The Spanish region, Galicia, comprises of 4 provinces; namely, A Corua, Ourense, Lugo and Pontevedra. This region is known as the land of one thousand rivers. These rivers flow through the whole region starting at its majestic mountains out to its coast, forming the characteristic Rias of contrast smooth beaches and dangerous cliffs, termed as coast of death.
Galicia experiences temperate weather of 5 degrees Celsius in the winter with rain, and a max of 20 degrees Celsius during summer. Galicia offers magnificent beaches, splendid towns with relaxing fishing villages. It is worth visiting Ras Baixas to see the natural preservations of lush landscapes and romantic quaint villages.
The Celtics were the first to influence on Galicia, while the Romans left behind several legacies such as Lugo walls, Ourense Bridge and the famous Tower of Hercules. The Middle Age discovery of Saint James tomb, made an important impact on thousands of pilgrims who visited the cathedral in Santiago de Compostela, which is currently the capital of this region.
The renowned path, now known as Way of Santiago, has plenty of churches, chapels and monasteries along the way.
Galicia's origins are clearly Celtic and Gaelic, from its folklore with the bagpipe (Gaita), as the most distinguished musical instrument. The regions gastronomy delights are its fish dish, Empanada Gallega, sweets from traditional times, which are often prepared in monasteries with guarded recipes, and Ribeiro wine.
Major attractions of Galicia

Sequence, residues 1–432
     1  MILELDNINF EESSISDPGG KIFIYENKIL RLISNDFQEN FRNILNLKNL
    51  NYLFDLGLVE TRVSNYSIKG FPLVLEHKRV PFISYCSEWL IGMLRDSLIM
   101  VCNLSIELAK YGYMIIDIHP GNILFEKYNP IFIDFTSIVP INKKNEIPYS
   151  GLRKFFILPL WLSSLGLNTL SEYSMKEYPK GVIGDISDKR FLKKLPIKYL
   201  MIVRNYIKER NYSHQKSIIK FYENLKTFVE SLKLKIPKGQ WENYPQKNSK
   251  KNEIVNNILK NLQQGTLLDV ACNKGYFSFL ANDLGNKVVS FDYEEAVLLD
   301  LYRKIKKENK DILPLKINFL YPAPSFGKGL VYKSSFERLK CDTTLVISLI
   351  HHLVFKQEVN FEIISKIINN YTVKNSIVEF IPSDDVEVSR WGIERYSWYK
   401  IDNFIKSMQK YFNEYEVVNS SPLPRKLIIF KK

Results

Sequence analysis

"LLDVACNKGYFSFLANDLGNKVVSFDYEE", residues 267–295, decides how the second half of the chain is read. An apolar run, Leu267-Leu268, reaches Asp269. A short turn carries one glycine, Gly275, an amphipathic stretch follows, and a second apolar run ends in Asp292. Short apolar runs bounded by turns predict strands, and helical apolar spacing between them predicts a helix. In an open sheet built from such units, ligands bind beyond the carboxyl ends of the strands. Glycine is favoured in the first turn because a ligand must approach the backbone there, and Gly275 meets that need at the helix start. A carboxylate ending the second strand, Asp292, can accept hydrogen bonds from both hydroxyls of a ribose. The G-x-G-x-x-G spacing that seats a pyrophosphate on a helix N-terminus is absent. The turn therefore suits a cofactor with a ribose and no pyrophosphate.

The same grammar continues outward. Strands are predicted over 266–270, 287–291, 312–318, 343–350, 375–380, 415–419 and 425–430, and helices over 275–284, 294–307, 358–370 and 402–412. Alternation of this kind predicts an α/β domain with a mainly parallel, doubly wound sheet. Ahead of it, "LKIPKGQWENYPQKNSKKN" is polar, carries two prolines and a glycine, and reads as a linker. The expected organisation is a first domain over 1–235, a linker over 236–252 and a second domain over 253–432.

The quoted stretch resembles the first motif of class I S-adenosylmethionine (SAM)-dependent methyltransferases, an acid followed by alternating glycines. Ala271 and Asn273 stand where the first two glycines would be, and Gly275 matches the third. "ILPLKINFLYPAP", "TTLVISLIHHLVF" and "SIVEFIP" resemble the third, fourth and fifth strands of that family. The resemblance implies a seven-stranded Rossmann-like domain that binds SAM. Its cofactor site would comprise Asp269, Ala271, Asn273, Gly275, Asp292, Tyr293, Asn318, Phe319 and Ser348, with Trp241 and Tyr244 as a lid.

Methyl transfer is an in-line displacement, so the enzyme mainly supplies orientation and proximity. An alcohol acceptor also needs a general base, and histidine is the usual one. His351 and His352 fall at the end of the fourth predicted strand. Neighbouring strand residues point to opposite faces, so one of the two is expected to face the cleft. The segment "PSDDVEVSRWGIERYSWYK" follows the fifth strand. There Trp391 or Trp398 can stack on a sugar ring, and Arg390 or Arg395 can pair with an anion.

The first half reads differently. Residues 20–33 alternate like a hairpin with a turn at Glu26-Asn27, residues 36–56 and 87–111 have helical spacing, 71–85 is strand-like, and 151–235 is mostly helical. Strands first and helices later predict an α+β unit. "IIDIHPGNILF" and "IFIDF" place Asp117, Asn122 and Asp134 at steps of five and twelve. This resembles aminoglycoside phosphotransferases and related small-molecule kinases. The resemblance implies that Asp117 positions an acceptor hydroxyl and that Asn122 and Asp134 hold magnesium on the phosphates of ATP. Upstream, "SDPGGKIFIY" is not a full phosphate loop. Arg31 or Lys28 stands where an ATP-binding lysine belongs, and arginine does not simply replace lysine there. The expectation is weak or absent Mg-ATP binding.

Santiago de Compostela, or simply Santiago, is the last destination of the renowned pilgrimage path. It is also called Town of the Apostle and is declared as a World Heritage site by UNESCO, attracting many to view its majestic monuments. This town was named in honor of the Apostle Saint James, after his burial here. However, it is also famous for its universities and the large student population who study between these historical walls, adding gaiety and youthfulness to the atmosphere. There are many cultural offerings to discover at Santiago.
A Corua city is situated at the peninsula holding on great economic influence. Its main sights include Romaneque synagogues, churches and old quarters, which contrast fragile and massive structures.
Vigo is Galicia's city with the biggest population. It functions as a significant port, with a well preserved and charming historical quarter.
Lugo is circumvented with perfectly preserved Roman walls, with an impressive Romanesque cathedral.
Ourense is situated in the inland of this region, with an amazing cathedral from Roman times and architecture.
Pontevedra serves this province with magnificent landscapes, which give it the fame that it enjoys today.